Report: Israel Mulls 'End of Oslo' over U.N. Bid

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Israel is weighing the possibility of cancelling the landmark Oslo accords with the Palestinians in response to their plan to seek United Nations membership, the daily Haaretz said on Monday.

Citing unnamed Israeli officials, the newspaper reported that Yaakov Amidror, the head of Israel's National Security Council (NSC), was examining the potential cancellation as one of a number of responses to the U.N. bid.

Israel has fiercely opposed the Palestinian plan to seek U.N. membership for a state on the lines that existed before the 1967 Six Day War, including the West Bank, Gaza and east Jerusalem.

And Israeli Foreign Minister Avigdor Lieberman warned last month the 1993 Oslo Accords that created the Palestinian Authority, and all agreements since, would effectively be cancelled by U.N. recognition of a Palestinian state.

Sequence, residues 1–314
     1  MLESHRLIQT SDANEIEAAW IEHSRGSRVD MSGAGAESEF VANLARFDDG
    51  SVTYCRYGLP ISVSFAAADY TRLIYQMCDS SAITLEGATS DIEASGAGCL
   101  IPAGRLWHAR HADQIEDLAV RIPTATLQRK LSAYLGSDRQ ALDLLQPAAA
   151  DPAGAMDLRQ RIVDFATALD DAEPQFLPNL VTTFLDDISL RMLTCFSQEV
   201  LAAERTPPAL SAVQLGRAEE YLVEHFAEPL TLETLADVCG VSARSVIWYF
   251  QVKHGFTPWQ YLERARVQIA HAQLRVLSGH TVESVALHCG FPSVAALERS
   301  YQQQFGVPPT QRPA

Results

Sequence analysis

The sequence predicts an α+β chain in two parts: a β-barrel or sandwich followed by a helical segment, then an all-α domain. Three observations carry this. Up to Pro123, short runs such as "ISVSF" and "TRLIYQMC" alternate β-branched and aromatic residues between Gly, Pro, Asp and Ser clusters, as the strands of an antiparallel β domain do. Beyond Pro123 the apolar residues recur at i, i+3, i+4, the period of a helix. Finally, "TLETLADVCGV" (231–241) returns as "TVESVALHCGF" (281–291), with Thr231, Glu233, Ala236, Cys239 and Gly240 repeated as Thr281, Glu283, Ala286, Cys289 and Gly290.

"The unilateral declaration at the United Nations would mean the end of the Oslo agreement and a violation of all the agreements that were signed up to today," he was widely quoted as saying by Israeli media.

"Israel would no longer be bound to the agreements that were signed with the Palestinians over the last 18 years."

Haaretz reported the potential cancellation of Oslo was only one of a number of "day after" actions that Amidror was considering, and said it was not currently considered a leading option.

Some members of Israel's Knesset have proposed Israel respond to the U.N. move by announcing an annexation of its West Bank settlements, but one Israeli source told Haaretz Netanyahu opposed such a measure.

"Therefore, the NSC is evaluating other possibilities, one of them being voiding the Oslo Accords. In any case, there is no decision yet," the source told Haaretz.

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